Upcycling Project: The Compost Bin
I've had a lot of time on my hands lately. I'm sure I'm not alone in this respect.
Both Elle and I are both working full-time from home, which brings it's fair share of challenges: the distractions of household chores and two pet cats begging for attention; our uncomfortable 'office' furniture; the absence of any clean differentiation between 'work' and 'play' time.
This is not to say working from home hasn't presented a host of unexpected benefits, however. We no longer have to spend more than two hours every day on the commute to and from work. Therefore (in addition to giving ourselves an extra hour in bed!) we are able finish work mid-afternoon without having to change our working pattern, and make the most of already being home. Working from home also means that lunch breaks can consist of more than eating a sandwich in one of the slightly less busy corners of the office: quick meals can be prepared under the grill or on the hob, lunchtime walks taken to stretch our legs or collect wild foods (including a recently discovered swathe of wild fennel).
One of the other benefits of this extra time at home has been being able to tackle the growing list of 'things I've been meaning to do, but never seem to find the time'. So far, this has included reorganising the larder and cleaning the barbeque. With the lovely weather we had last week, I was able to give time to another of those 'wish list' projects: building my own compost bin.
With the lovely weather we had last week, I was able to give time to another of those 'wish list' projects: building my own compost bin.
Building a compost bin
I'm no Do-It-Yourself guru, and I will not be offering any advice on how to go about building your own compost bin: I'm sure there are many things I could have done much better. The whole project was an effort to make use of materials we already had at home, which is something I'd challenge everyone to try: reusing and repurposing items you already own requires a little more imagination and ingenuity than buying something ready-made, but the sense of satisfaction at seeing a homemade (and basically free!) object taking shape in front of you isn't to be missed.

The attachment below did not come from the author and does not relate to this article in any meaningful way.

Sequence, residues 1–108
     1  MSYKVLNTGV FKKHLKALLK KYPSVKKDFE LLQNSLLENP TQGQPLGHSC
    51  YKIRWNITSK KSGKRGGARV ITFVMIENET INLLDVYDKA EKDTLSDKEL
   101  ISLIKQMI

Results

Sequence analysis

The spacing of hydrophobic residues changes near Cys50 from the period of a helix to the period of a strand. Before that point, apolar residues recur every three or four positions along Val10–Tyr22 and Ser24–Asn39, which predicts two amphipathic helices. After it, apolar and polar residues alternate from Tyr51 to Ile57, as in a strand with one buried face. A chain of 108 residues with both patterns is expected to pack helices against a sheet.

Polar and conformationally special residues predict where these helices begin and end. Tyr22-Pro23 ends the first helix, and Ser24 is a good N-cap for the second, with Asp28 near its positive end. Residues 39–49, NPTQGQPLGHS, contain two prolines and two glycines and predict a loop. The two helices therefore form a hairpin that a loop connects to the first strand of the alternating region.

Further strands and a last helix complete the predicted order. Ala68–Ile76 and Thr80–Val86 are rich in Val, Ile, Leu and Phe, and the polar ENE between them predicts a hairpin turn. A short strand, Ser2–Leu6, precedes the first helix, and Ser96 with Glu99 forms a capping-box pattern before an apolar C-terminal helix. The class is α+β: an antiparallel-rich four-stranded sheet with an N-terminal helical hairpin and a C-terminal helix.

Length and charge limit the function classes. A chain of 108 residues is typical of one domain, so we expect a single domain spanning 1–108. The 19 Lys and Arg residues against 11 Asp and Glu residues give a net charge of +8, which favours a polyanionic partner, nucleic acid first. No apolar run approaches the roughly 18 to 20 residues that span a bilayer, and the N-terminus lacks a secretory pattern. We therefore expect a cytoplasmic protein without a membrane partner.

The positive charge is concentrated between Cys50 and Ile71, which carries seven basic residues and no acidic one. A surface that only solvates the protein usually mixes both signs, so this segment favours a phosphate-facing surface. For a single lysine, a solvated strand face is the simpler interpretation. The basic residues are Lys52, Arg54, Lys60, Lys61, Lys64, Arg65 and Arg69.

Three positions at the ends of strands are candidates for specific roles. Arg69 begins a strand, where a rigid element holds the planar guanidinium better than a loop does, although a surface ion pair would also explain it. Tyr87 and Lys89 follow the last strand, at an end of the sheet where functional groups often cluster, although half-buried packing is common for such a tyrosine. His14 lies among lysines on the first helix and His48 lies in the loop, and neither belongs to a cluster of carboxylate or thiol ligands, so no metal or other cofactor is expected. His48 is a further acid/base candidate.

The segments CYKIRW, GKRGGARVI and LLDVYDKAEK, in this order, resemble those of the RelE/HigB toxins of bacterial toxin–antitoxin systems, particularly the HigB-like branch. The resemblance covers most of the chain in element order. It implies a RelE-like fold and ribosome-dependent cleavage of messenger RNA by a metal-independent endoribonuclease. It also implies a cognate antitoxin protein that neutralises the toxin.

I built the compost bin entirely from scrap-wood that came from deconstructing last year's loglap-clad raised beds and the odd collection of screws I have a habit of saving from any DIY project I attempt. The only tools I used were a hand saw, hammer, spirit level and power-drill (as well as a chimneystack repurposed as a workbench: but I'd recommend you use the real thing).
I built my compost bin in three stages: the lower half of the body, with a small gap at the bottom of one side to access the compost; the upper half, with offset legs that slot into gaps on the lower half; and the lid.
The construction process was really simple: I cut the loglap boards into 36 planks of 500mm each, and 8 pieces of scrap 40mm-squared wood to the height of 4 interlocked loglap planks. For the lid, you will need an additional two pieces of scrap wood, roughly 400mm long.
Step one: the lower half
I began by creating two panels by interlocking 4 of the planks, and screwing one of the scrap lengths to the very edges of each panel to hold them together, making sure the planks are off-set from the scrap wood by about 30mm to allow the two halves to fit together later. Then I repeated with another 4 planks, thereby creating two panels, with the legs emerging from the bottom by about 30mm.
I screwed another 4 interlocked planks to the two sides at right angles - remembering the 30mm off-set - creating a three sided a box, and then screwed two additional planks to close-off the final side, aligning these planks with the 'top' of the box. Stand it upright on it's off-set legs: you should have a four-sided square box, with a opening at the bottom of one side (see above).
Step two: the upper half
Repeat the same process for the upper half of the body, though remember you won't need an opening at the bottom of any of the sides of this one, so use 4 planks on the final side, like all the others.
I found it helpful to use the lower half as a stand on which to build the upper half, not just because I don't own a workbench, but also to ensure the two halves are aligned and will fit together at the end (see below).
Step three: the lid
The lid of my compost bin is basically just a longer version of the panels I'd made for the sides. I made sure the 2 remaining 400mm lengths of scrap wood fitted on top of the recessed 'legs' of the upper half along the sides, and then screwed the 6 remaining interlocked loglap panels into these scrap pieces.